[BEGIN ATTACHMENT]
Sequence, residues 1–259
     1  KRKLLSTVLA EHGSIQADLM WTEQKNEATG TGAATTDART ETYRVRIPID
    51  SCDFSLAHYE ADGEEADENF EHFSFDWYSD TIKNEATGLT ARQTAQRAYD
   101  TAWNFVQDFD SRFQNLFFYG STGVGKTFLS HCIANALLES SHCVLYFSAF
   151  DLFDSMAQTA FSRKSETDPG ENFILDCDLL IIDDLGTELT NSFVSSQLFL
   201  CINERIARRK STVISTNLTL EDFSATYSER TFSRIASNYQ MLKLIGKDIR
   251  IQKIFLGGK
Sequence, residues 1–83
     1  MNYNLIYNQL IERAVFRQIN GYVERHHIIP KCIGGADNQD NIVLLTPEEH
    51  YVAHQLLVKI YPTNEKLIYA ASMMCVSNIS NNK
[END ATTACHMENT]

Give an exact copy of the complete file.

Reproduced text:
Sequence, residues 1–259
     1  KRKLLSTVLA EHGSIQADLM WTEQKNEATG TGAATTDART ETYRVRIPID
    51  SCDFSLAHYE ADGEEADENF EHFSFDWYSD TIKNEATGLT ARQTAQRAYD
   101  TAWNFVQDFD SRFQNLFFYG STGVGKTFLS HCIANALLES SHCVLYFSAF
   151  DLFDSMAQTA FSRKSETDPG ENFILDCDLL IIDDLGTELT NSFVSSQLFL
   201  CINERIARRK STVISTNLTL EDFSATYSER TFSRIASNYQ MLKLIGKDIR
   251  IQKIFLGGK
Sequence, residues 1–83
     1  MNYNLIYNQL IERAVFRQIN GYVERHHIIP KCIGGADNQD NIVLLTPEEH
    51  YVAHQLLVKI YPTNEKLIYA ASMMCVSNIS NNK